TONY: So if it wasn’t Guns, what would the town need?
TIM: Um, probably…let me think…Clowns. You can never have too many clowns…I think.
TONY: You guys have toured quite a bit this past year. With this being your last show of the tour, where have you found the fans to be the most receptive?
TIM: We always have a great show in Chicago. The fans there are kind of our perfect set of fans. It’s weird, we’ve had some shows this tour where let’s say that alcohol has gotten the better of people, I wouldn’t say like ruining the show, not for us but for other people, but they’ve been kind of loud and obnoxious. You know, we are not like anti-drinking or anything, but some people have had no control and has kind of put a downer on some of the shows, which has been a shame. But yeah, Chicago has been a favorite for a while, and we have got kind of a bond to that city cause a lot of influences come from there, like BIlly Corgan. The fans are just so great there. They’re kind of the perfect balance of really respectful and you could have a good laugh with them. They’re really excited, and up for a good time. It doesn’t seem to matter what day of the week it is, there are dudes who roll in from work and are just really up for it, and that’s been cool. But yeah, we’ve had some great shows this tour so it’s kind of hard to say, but Chicago sticks in my mind.
TONY: Well, I’m from Chicago if that helps.
TIM: That was the right answer.
TONY: Is there a place in general overall that you’ve just thought is amazing overall, like Japan?
TIM: Yeah, actually Japan is probably a favorite for all us. It’s just an incredibly different place, culturally obviously. It’s kind of one of those places where it’s rare for us to go there so that’s always special. The people are the next level of respect, it’s crazy. We first played some shows there in 2010 and the crowds were just like silent, and we were just like this is super weird, I don’t think they like it, this odd. But, it’s just that they are so focused and so polite and it’s so wonderful. It’s a really different energy, because there is still an energy between you and the crowd but it’s so different than rowdy people in the UK, Europe, or the US. So, yeah Japan would probably be up there.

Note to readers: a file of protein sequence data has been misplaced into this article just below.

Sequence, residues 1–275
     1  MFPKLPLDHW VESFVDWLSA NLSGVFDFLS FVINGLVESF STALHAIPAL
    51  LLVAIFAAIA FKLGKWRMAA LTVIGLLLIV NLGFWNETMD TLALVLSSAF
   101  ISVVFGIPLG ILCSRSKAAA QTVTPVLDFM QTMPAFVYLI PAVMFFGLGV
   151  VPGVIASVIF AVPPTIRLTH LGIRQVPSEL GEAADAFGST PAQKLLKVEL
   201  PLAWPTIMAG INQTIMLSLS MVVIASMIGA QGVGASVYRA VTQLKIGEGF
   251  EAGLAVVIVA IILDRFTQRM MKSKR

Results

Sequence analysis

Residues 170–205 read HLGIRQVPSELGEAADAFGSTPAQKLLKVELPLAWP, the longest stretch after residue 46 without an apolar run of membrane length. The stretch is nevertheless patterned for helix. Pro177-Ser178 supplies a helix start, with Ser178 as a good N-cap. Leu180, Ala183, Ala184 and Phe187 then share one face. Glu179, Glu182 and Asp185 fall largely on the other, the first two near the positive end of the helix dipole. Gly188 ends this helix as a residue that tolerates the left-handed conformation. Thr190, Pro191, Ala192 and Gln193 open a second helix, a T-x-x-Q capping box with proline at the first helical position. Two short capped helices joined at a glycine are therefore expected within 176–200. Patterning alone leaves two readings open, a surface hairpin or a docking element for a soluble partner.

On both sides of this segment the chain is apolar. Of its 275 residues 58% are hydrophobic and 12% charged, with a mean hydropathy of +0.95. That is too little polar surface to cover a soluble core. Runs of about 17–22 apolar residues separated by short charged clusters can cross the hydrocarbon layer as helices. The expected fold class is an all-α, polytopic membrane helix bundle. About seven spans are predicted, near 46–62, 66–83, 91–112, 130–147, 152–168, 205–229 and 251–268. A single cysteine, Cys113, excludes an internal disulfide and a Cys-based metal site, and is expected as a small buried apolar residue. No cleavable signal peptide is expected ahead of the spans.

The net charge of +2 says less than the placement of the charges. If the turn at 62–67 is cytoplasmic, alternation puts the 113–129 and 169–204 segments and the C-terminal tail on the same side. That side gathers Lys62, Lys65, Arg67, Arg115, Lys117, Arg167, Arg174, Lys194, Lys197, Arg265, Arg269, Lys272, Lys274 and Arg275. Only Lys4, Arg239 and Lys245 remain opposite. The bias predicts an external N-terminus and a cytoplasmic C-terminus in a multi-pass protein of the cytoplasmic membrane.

TONY: Any places you haven’t toured that you’d like to hit? I know I have a lot of friends in the Philippines who want you to play there.
TIM: Yeah, I’d love to hit some more places in Asia for sure, but I know we also want to go to South America. There seems to be pockets of fans in places like Chile and Argentina that hit us up quite a lot and say can you ever come out, but it’s such a costly thing to do that it’s kind of difficult. But yeah, I would say South America would be awesome to go to.
TONY: Math-rock as a whole, more so than other musical genres, really seems like a community where bands connect, collaborate, and inspire each other. Is this something you’ve noticed, and are there any bands that TTNG is close with?
TIM: I think like, to be honest, any band on the label, as soon as we meet them there is this bond and they are not necessarily math-rock. I mean, I don’t even know if we are necessarily math-rock, it’s kind of subjective really, but any band off the label we seem to kind of gel with. I think most of the bands we meet are good people, and we have a lot in common with, so it’s fairly easy to be in that situation, but I guess I’d have to say that the bands we’ve toured a lot with like Henry from Mylets it’s been great to kind of bond with him, and Emma this tour in particular. Yeah, I don’t know if there is any one band that we are super super close with. There are loads we would absolutely love to get see all over the world, and it’s kind of rare when you see obviously people further away.
TONY: Are there bands that you’ve been listening to right now that you’d like to recommend?
TIM: Mylets, his new album sounds awesome. We’ve also been listening to quite a bit of Swedish music this tour, cause everyone is into different Swedish bands so we’ve all been sharing them. We’ve been listening to a band called Mew quite a lot. Yeah, loads and loads of Swedish bands actually.
TONY: Finally, what is your mantra, either collectively as TTNG or individually?
TIM: I guess, just being ourselves. I think we’ve said before at some point that people can get a bit caught up of the persona of what’s expected from being in a band, and it’s just kind of being honest really and having respect for other people and hopefully having them respect you at the same time. Just generally spreading a positive vibe if possible, which is tough some times especially with a long tour. Like if you get sick, like Henry from Mylets has been pretty sick, or you know if you get tired and tough and stuff it can really get really affect trying to get that across and have that positive energy. Yeah, when we’re all good and we’re all happy, it’s cool and you can really feel it with the crowd which is nice.